When thinking about sexual harassment in the workplace, do you think about the problem of men being sexually harassed? Sexual harassment of men is common, but men rarely speak up. It begs the question: when men are harassed, is the harm evaluated in the same way as when women suffer harassment?
Consider a Los Angeles case that went to trial in 2017 (Marqui Barber v. Southern California Permanente Medical Group, et al., Los Angeles Superior Court, Case No. BC598063). Attorney Twila S. White served as lead trial counsel.
Pay special attention to how the company dealt with the harassment.
A description of the sexual harassment
In this case, two males were co-workers at a healthcare facility, Kaiser Permanente Hospital West Los Angeles. Due to the nature of their work, the men worked in close proximity to each other in the emergency room.
The harassment began with sexual comments and innuendo and progressed to more blatant sexual conduct. For example, the defendant once said, “If your biceps look like that, I can only imagine what it looks like downstairs.” A particularly vile comment occurred in the company lunch room with other employees present. The defendant slid a packet of “Organic Throat Coat” tea toward the plaintiff and said loudly that the plaintiff would need it when they are together. The people present and plaintiff took this to mean oral sex.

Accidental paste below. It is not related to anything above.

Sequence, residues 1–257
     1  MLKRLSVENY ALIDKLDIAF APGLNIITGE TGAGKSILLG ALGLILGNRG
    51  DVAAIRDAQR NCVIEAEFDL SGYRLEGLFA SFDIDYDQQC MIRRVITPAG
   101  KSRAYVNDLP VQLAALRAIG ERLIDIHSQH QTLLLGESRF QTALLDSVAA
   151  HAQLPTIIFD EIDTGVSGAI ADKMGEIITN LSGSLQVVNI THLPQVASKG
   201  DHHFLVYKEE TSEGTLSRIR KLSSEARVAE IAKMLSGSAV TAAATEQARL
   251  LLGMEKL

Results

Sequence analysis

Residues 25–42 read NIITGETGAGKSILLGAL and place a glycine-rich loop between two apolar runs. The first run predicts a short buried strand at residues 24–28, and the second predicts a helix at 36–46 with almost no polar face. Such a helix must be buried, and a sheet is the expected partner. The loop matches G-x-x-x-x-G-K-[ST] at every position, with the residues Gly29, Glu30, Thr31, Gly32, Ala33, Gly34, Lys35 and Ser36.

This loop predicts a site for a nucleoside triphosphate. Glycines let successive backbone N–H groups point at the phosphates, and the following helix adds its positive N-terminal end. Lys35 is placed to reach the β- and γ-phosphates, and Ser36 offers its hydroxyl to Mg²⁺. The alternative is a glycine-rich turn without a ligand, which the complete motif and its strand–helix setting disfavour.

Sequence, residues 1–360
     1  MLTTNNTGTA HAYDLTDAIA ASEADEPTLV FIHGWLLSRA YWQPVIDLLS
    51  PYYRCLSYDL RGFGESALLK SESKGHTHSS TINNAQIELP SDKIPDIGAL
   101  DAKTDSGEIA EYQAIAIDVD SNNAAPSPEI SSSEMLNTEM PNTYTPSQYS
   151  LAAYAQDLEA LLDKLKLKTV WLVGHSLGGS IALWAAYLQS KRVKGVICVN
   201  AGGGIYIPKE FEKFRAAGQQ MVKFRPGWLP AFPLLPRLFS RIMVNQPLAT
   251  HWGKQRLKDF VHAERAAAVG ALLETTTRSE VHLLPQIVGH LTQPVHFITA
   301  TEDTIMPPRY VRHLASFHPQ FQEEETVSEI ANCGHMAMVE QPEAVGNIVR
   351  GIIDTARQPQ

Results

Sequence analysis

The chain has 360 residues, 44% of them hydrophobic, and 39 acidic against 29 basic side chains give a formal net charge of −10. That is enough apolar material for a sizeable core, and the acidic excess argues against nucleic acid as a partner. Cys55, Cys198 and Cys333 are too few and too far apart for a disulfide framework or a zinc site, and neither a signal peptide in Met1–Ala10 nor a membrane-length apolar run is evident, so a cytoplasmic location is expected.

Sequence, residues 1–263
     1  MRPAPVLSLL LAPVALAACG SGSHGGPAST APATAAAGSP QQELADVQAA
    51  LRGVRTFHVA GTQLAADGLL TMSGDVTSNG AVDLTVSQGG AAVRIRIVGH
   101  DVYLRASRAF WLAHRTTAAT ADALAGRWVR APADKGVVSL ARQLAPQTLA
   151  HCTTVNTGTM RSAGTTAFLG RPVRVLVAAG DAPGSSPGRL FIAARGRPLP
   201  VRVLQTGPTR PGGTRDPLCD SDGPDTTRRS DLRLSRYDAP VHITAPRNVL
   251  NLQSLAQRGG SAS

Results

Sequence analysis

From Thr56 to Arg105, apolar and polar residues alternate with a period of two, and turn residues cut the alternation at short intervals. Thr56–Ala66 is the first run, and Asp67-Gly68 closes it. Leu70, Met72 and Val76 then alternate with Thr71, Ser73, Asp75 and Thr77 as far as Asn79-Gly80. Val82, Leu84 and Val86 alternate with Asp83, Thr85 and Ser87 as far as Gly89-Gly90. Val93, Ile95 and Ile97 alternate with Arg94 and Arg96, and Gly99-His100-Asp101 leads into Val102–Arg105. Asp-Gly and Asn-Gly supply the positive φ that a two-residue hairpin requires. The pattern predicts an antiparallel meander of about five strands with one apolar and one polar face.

The plaintiff tried to stop the harassment on his own but was not successful. So he reported the behavior to management. The company conducted an investigation, during which the plaintiff and defendant were made to continue working together.
The company concluded that the defendant had violated the harassment-free workplace policy.
How the company responded
According to the company’s policy, employees can be fired for sexual harassment and sexual harassment was considered to be gross misconduct. Instead, the company suspended the defendant for only one day, and allowed the plaintiff to be continuously subjected to a hostile work environment.
Upon returning to work, the defendant retaliated and defamed the plaintiff, using email and other communication to turn co-workers against the plaintiff. Eventually, other workers shunned the plaintiff. It created a hostile environment and the victim suffered emotional distress. The plaintiff complained to management, but they did nothing and failed to prevent the harassment from occurring.
The victim sued the co-worker and the healthcare facility. A Los Angeles jury found that sexual harassment had occurred and the defendants created a hostile work environment. The court awarded $300,000 to the victim.
#MeToo empowers male victims
In the wake of the #MeToo movement, women are coming forward and speaking up about sexual harassment. The movement also has empowered male victims to come forward and report sexual harassment.
If you have questions about sexual harassment in the workplace, contact attorney Twila S. White.